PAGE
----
It'll no longer conflict with the Odunde Festival — the longest-running African American street festival nationwide. (Go deeper via Billy Penn.)
Today's newsletter is 936 words — a 3.5-minute read.
1 big thing: Hundreds rally after students attacked on SEPTA
Protesters leave their signs at The School District of Philadelphia's headquarters. Photo: Taylor Allen/Axios
Hundreds of people rallied against Asian hate in Philadelphia Tuesday after a group of teens attacked students of Asian descent on a SEPTA train last month.
Driving the news: Protesters gathered outside the Municipal Services Building in Center City and the School District of Philadelphia headquarters, holding signs that read, "Stop Asian Hate" and "Public Safety for All."
Many expressed support for Central High student Christina Lu, one of the victims who was attacked after trying to intervene.
The incident: Several teen girls were caught on camera attacking a group of students of Asian descent near SEPTA's Erie station on Nov. 17.
In one SEPTA surveillance video, the attackers can be heard using racial slurs.
A video of 18-year-old Lu being assaulted was shared on social media.
The response: The Philadelphia District Attorney’s Office filed charges against four teenagers, including multiple counts of aggravated assault, ethnic intimidation, recklessly endangering another person and disorderly conduct.
SEPTA is working with the School District of Philadelphia and the Philadelphia Police Department.
The transit agency has also assigned an officer to ride the Broad Street Line that departs from Olney Transportation Center after school dismissal.
What they're saying: "Everyone has been calling me a hero, but I really am not," Lu told the crowd on Tuesday, CBS Philly reported. "I'm just an ordinary girl from an ordinary family who saw people in need of help and so I tried to help."
Lu said she'll continue to stand up against bullying and violence.
Protester Matt Zhang told Axiosthat he attended the rally to support Lu and the Asian community.
"I want everybody to be safe no matter if they are at school, on a bus or a train," Zhang said.
Of note: Philadelphia School District spokesperson Monica Lewis told Axios the district has "zero tolerance for bullying and harassment of any student."
2. Ben Franklin Parkway's new high-rise
A rendering of the 34-story Two Cathedral Square. Image courtesy of EQT Exeter
Philly's iconic Benjamin Franklin Parkway is getting a new addition, and it's 34 stories tall, curvy and lined with bronze tones.
What's happening: Real estate investment firm EQT Exeter recently unveiled the final renderings for Two Cathedral Square in Logan Square.
The developer says the 470-foot building will bring a heap of new work, retail and residential space to the area.
State of play: The site, located adjacent to the Cathedral Basilica of Saints Peter and Paul, is the parkway's first office building in nearly four decades.
The project costs are expected to exceed $400 million, EQT Exeter principal Bryan Lamb told Axios.
The Archdiocese of Philadelphia, a partner in the development, will issue a ground lease to EQT Exeter for 99 years.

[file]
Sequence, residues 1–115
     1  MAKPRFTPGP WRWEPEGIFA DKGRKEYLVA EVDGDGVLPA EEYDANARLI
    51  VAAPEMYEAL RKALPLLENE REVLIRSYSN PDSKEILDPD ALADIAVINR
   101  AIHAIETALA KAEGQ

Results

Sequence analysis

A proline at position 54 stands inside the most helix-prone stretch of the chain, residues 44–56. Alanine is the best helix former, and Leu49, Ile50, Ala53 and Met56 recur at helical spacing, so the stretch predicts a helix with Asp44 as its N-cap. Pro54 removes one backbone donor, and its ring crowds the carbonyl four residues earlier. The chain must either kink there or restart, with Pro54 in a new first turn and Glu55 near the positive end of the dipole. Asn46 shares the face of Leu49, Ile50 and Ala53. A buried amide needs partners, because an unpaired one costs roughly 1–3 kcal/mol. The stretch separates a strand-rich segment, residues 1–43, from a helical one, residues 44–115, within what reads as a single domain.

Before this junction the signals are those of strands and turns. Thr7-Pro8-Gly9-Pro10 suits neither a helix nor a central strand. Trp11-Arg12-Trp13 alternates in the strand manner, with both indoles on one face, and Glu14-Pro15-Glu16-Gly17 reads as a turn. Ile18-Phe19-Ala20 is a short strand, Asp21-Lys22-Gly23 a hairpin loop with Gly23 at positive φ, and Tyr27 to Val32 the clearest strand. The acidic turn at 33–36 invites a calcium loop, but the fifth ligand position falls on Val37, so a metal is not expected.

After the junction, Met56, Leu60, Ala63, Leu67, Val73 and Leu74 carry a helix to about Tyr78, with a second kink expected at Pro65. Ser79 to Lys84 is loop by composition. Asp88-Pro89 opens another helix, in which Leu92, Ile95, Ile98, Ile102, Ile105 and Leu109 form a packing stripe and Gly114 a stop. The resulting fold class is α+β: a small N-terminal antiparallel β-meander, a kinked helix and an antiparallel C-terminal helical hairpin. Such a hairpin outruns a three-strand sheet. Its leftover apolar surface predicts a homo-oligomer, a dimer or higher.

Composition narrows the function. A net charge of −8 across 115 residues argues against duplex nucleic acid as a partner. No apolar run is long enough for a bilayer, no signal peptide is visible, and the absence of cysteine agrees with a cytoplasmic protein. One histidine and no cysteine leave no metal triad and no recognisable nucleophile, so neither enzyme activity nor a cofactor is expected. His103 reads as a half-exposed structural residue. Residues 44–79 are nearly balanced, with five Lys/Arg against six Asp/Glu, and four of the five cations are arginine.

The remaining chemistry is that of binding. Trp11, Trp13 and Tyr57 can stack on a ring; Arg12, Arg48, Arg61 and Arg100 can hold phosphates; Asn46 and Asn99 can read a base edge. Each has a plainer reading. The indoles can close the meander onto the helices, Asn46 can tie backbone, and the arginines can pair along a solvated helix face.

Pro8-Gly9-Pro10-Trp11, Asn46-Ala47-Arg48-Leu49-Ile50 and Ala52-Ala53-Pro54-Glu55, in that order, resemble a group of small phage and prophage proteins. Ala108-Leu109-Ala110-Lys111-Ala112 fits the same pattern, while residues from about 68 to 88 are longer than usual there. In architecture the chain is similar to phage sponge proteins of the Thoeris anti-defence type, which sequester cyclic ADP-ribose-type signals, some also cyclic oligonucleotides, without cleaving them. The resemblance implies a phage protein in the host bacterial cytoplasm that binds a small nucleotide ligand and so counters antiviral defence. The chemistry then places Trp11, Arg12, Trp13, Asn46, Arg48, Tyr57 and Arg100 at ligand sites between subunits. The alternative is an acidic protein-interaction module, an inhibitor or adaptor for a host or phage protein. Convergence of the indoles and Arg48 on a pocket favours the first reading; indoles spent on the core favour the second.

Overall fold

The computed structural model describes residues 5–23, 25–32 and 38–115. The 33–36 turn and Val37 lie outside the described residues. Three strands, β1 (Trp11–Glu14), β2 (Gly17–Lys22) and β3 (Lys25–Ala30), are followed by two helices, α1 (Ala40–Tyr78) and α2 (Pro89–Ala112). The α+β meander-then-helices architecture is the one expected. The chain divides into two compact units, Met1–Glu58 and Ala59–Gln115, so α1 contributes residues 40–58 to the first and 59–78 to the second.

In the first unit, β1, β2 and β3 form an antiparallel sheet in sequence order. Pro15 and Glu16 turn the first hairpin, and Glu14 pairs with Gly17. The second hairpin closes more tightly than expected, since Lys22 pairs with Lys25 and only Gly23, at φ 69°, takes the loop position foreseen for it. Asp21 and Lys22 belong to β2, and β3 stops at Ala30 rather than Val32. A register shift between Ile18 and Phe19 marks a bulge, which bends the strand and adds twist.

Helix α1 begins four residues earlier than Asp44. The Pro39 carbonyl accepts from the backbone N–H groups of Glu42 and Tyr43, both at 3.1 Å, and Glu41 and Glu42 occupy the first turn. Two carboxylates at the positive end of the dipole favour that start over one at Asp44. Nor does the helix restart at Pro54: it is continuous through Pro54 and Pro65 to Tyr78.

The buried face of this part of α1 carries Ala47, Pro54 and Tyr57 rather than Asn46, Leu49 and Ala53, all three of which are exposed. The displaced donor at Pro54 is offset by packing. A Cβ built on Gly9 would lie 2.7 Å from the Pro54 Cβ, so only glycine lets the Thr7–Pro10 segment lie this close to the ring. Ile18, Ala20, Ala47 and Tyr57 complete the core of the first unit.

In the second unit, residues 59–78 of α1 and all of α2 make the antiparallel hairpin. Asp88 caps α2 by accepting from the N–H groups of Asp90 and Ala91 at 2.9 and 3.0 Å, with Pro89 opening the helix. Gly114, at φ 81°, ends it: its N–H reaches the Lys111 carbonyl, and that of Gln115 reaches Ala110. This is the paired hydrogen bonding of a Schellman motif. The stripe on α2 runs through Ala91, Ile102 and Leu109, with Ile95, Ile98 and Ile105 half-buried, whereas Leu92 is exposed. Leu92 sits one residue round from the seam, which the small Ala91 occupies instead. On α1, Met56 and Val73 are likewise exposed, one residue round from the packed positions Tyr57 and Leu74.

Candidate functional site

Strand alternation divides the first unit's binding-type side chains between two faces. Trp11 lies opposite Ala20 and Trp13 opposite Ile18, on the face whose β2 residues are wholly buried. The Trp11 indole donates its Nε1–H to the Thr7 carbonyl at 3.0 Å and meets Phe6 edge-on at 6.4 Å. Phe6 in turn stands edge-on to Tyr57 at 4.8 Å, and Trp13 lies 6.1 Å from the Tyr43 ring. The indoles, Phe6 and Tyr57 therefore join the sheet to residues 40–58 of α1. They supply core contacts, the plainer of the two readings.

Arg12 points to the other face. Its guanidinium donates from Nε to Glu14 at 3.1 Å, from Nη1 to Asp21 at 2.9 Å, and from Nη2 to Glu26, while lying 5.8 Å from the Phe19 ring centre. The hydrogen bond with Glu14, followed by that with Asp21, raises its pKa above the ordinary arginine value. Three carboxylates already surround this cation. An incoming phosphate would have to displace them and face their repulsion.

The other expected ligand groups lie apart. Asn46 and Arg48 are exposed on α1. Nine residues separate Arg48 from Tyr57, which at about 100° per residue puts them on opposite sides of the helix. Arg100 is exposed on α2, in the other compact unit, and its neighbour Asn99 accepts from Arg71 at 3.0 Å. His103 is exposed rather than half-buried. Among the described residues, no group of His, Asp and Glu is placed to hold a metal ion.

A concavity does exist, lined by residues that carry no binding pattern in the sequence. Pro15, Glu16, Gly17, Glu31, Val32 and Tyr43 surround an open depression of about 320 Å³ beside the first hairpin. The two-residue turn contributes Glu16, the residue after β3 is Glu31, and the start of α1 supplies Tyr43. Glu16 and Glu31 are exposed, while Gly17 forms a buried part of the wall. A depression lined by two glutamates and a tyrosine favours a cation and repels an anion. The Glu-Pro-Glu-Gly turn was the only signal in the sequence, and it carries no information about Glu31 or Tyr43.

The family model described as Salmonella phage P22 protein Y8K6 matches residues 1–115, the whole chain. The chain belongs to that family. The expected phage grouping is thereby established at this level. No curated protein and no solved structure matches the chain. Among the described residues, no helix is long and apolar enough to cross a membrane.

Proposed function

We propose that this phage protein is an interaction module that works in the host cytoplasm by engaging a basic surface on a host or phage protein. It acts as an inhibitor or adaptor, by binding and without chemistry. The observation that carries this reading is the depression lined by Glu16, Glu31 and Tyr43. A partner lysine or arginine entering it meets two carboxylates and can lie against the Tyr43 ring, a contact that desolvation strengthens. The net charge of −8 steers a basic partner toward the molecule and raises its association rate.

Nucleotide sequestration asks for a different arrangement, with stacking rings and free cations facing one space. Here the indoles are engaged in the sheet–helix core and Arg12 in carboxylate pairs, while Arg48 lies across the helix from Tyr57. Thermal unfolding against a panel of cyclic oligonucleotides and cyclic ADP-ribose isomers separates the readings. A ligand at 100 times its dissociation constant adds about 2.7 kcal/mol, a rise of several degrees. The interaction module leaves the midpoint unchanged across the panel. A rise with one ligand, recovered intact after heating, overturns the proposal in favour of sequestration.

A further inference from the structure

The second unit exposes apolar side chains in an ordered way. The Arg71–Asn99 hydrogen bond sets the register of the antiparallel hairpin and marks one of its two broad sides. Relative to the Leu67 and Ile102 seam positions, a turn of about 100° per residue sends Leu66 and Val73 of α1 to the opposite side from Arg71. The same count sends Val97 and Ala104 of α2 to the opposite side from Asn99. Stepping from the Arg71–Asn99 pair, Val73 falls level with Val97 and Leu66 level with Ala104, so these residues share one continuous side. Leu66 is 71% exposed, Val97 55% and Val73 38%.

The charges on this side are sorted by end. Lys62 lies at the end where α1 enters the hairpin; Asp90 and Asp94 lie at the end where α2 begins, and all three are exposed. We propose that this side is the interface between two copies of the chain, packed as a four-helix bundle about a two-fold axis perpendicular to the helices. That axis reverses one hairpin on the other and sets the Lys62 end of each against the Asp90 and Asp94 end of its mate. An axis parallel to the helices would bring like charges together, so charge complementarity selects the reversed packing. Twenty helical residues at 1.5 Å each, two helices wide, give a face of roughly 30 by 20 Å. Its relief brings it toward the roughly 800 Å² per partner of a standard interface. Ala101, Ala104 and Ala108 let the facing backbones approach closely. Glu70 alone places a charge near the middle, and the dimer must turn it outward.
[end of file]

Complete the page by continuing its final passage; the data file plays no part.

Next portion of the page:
Flashback: The archdiocese pitched building a high-rise beside the basilica in 2016 as a move to boost its cash-strapped finances amid dropping church attendance.
The archdiocese declined to comment.
By the numbers: Two Cathedral Square will include:
450,000 square feet of office space, 250,000 square feet of residential rental space and 4,500 square feet of first-floor retail space.
Amenities: Five terraces, which include roof gardens and a pool.
Between the lines: Two Cathedral Square will be the second of two phases at the 2.3-acre site.
The first phase includes 273 residential units with retail on the ground floor. Some units are expected to become available by September 2022, Lamb said.
What they're saying: The development's location — near the Parkway Central Library and other city landmarks — makes the project unique, said Mitch Marcus, a managing director for JLL, the leasing broker for the development.
"There's nothing like it," Marcus added.
What to watch: Construction has yet to begin, but the completion date is expected to be late 2023, subject to EQT Exeter securing an anchor office tenant.
Potential rents for the residential apartments have yet to be determined, Lamb said.
3. News Market
Illustration: Brendan Lynch/Axios
💸 A large donation from shoe designer Stuart Weitzman to the National Museum of American Jewish History will allow the museum to buy back its Old City building, which it lost to bankruptcy. (Philadelphia Business Journal)
😷 Pennsylvania's face mask mandate for all school students and staff is reinstated — for at least a week — thanks to a ruling from the state Supreme Court. (KYW Newsradio)
4. GOP election politician to head good government group
Philadelphia City Commissioners Al Schmidt, right, and Lisa Deeley speak to the media as election workers process ballots for the 2020 general election. Photo: Matt Slocum/AP
Commissioner Al Schimdt is set to lead the local government watchdog group Committee of Seventy next year.
Driving the news: The nonprofit named Schmidt as its new CEO, starting Jan. 3, 2022, according to a statement released Tuesday.
Why it matters: Schmidt, the sole Republican on the election board, is known for defending the integrity of Philadelphia's electoral process in 2020 amid former President Trump's baseless claims of voter fraud.
What they're saying: "Following the unprecedented 2020 presidential election, the voting process in Philadelphia would not have been the success that it was without the work of the Committee of Seventy," Schmidt said in a statement.
The Committee of Seventy's current CEO, David Thornburgh,called Schmidt "a perfect fit."